If any doubts remained as to whether or not George Gershwin's ``Porgy and Bess'' was an opera, the Metropolitan Opera dispelled them Feb. 6. On that evening, the Gershwin masterwork was finally given its first Met performance -- nearly 50 years after the work first premi`ered in Boston. Granted, the Houston Grand Opera production in '76 showed the musical world that the work belonged in an opera house. But for many, ``Porgy'' was not going to arrive operatically until the Met had put it on its boards.
And the Met has done honorably by ``Porgy and Bess.'' It has been lavishly cast, and in accord with the Gershwin estate stricture that the cast be all black except for the few talking roles written for whites. Simon Estes and Grace Bumbry sing the title roles; many of the supporting parts are given to Met regulars like Myra Merritt, Barbara Conrad, Isola Jones, and Florence Quivar. Thirteen singers are at the Met for the first time (as are actors Larry Storch and Gary Drane). The chorus, hired specifically for this opera, numbers 70 adults, plus children and dancers (the Workshop Ensemble of the Dance Theatre of Harlem).
The opera is presented without cuts -- a solid three hours of music, plus two intermissions. As with all but the most perfect of operas, some of the music in ``Porgy'' is expendable, but when one thinks that this was Gershwin's only crack at an art form that took most composers 10 or 15 tries to really master, the results are extraordinary.
But then again, ``Porgy'' is an extraordinary opera. The choral writing is as skillful and lavish as anything in Verdi and Wagner. The big tunes hardly need introduction, but one is constantly amazed at their variety and communicative range, the superb way they build and arch, and how effortlessly they follow one another from overture to finale. The accompanied recitatives -- dropped in most revivals until Houston's -- bristle with vitality. The big concert numbers -- I think first of the hair-raising choral writing that begins and ends the ``Hurricane Scene'' -- stick in the mind's ear long after the final curtain. The magnificent trio for Porgy, Maria, and Serena, when Porgy decides to go to New York to look for Bess, is as moving as anything in the operatic canon. The love music is even more haunting in the context of the opera.
Much of the reason the Met's ``Porgy'' is so eloquent is due to James Levine. He hears and conducts the opera as a cyclical unity -- keeping the long arch through an act tense and alive. The Met orchestra plays magnificently for him. Unfortunately, there is a trade-off -- a lack of plasticity within certain key moments, and a tendency to drive inexorably forward like a clangorous locomotive.
The strength of the evening lies in the singing rather than Nathaniel Merrill's staging, which proves surprisingly old-fashioned. Robert O'Hearn has designed a very fine Catfish Row and an enchanting Kittiwah Island scene; Mr. Merrill has used the overall space well.
Mr. Merrill's low-key direction particularly affects Miss Bumbry and Mr. Estes. The former tends to resort to odd gesturings that distract from the fundamental effectiveness of her portrayal. Hers is clearly a mature Bess (as indicated in the libretto) rather than a juvenile waif. Her scenes with Crown take on a desperate urgency, and those with Porgy a lustrous pathos, not felt when Bess is in the first flush of womanhood. Miss Bumbry's blazing diva presence puts this evening squarely in an opera house.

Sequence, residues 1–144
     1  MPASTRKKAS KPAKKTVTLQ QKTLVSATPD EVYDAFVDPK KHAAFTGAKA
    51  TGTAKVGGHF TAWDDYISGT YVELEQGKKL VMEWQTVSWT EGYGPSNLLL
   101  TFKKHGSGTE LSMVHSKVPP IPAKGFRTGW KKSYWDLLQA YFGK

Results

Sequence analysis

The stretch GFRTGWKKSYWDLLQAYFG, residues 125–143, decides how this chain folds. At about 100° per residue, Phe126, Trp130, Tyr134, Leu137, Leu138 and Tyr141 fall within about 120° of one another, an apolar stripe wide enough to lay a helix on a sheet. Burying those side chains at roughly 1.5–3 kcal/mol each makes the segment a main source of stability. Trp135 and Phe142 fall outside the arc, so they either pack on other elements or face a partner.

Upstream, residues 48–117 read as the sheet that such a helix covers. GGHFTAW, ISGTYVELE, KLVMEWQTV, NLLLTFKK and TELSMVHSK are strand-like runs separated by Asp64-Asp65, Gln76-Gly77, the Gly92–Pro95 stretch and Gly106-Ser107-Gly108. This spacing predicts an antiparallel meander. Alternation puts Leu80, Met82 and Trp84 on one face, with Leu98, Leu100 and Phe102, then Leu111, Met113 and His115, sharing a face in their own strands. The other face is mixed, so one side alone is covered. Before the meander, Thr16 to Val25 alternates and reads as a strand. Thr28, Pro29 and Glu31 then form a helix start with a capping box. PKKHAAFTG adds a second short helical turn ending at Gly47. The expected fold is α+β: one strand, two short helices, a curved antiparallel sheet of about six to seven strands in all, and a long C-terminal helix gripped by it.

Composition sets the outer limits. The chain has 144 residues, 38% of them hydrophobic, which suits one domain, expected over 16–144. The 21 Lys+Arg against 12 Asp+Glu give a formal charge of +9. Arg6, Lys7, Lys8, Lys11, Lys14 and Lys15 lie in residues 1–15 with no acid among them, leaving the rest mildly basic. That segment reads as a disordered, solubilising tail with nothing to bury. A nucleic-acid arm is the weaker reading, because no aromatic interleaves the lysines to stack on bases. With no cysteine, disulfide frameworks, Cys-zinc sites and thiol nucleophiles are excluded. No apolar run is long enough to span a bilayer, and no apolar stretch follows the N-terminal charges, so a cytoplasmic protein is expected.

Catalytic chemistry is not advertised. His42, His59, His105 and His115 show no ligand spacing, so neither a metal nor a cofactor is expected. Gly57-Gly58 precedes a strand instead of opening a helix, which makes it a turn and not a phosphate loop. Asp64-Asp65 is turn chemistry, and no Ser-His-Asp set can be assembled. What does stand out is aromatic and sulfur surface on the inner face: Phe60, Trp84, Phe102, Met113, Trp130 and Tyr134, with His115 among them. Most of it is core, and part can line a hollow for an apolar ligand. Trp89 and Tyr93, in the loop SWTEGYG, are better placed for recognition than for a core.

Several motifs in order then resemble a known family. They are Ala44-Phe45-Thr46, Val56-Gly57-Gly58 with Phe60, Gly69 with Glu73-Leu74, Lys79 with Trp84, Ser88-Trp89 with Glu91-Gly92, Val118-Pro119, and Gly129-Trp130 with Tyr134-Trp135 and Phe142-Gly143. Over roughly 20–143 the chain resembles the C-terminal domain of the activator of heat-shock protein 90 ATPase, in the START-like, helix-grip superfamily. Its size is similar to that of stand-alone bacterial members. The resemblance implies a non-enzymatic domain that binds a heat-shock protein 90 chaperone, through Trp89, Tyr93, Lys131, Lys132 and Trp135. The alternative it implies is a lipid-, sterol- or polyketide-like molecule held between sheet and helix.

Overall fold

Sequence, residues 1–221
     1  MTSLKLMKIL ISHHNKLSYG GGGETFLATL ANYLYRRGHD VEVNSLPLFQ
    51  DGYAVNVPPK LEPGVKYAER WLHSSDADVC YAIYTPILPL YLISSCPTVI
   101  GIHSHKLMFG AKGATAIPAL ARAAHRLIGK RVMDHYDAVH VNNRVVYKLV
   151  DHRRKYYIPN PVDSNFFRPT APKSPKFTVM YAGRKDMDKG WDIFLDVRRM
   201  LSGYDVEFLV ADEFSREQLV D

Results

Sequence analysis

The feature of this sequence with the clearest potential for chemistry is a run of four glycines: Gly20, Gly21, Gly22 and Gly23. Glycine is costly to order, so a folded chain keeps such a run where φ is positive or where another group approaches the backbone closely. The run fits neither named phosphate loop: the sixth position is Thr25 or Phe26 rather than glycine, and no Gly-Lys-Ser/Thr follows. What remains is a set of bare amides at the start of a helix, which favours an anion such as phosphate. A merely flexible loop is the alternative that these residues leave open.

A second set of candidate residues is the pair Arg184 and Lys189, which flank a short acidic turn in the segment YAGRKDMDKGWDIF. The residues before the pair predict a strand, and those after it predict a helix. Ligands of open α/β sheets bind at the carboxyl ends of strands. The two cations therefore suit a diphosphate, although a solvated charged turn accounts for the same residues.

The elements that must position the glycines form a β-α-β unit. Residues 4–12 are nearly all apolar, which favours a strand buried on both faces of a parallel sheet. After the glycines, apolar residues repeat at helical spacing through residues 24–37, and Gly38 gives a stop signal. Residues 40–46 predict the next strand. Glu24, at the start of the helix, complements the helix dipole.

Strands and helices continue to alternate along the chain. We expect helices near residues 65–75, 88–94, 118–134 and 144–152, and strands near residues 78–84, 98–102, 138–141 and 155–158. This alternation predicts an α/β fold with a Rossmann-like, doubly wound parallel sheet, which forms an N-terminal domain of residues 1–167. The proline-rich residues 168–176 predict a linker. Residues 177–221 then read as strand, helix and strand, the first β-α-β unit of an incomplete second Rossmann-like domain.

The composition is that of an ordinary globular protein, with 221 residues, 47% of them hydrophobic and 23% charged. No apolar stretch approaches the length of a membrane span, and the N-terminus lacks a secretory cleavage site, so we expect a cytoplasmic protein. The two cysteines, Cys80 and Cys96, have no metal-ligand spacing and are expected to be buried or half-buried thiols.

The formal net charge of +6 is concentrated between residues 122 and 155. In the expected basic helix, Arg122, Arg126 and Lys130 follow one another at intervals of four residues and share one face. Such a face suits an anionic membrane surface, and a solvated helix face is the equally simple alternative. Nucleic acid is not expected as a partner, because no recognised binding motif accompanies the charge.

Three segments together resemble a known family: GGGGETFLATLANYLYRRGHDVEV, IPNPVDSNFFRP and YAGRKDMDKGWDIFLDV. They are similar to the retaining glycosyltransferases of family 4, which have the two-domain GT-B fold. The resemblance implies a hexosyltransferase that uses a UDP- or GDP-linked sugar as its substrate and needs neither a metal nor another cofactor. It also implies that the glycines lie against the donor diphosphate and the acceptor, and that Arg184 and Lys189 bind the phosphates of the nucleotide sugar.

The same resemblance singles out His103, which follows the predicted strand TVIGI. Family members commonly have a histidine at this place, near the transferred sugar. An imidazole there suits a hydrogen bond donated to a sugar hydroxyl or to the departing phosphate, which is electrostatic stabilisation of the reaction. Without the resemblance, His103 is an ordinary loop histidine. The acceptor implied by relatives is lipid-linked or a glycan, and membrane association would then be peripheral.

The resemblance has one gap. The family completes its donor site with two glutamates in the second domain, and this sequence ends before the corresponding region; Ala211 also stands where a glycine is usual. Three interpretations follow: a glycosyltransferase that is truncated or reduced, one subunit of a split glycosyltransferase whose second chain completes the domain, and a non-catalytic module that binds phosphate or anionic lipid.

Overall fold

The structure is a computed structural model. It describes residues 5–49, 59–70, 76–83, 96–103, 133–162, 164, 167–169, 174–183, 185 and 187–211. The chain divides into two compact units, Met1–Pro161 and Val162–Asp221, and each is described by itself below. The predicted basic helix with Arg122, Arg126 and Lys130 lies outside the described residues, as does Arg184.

After a few rough moments in the first act, her singing opening night was of the opulent, major-voiced sort this score has cried out for and rarely received. Most striking were the clarity of her diction and the tenderness with which she imbued so many passages.
Mr. Estes, who rightfully notes that Porgy is as difficult to sing as the Flying Dutchman, sang with unstinting ease all night. Where most Porgys come to grief in the last act, Mr. Estes sounded fresher and more confident, climbing the vocal line with assured ease. He tends to be less effective as a singing actor, content with projecting the words clearly, and he had the added liability of an injured knee. All that said, his singing was an event in itself. And when these two voices blended in those aching duets, Met vocal ``magic'' was at hand.
Newcomer Gregg Baker, as Crown, looked dangerous in all the aspects the role requires, and he sang with an attractive lightweight bass. Other eloquent contributors to the evening included Miss Quivar's sensitive Serena, Miss Conrad's tough-yet-gentle Maria, debuting Bruce Hubbard's sonorous Jake, and Miss Merritt's sweet Clara, once past the rigorous hurdle of ``Summertime.'' In her few musical lines, Miss Jones covered herself with glory as the Strawberry Woman.
The ``Porgy and Bess'' chorus sang with thrilling fervency and acted with a vitality and urgency not seen in the regular Met chorus for several seasons.
``Porgy and Bess'' is in repertory at the Met, with some cast changes through April 4, and it is scheduled to return next season. The radio broadcast is on March 23; check local listings.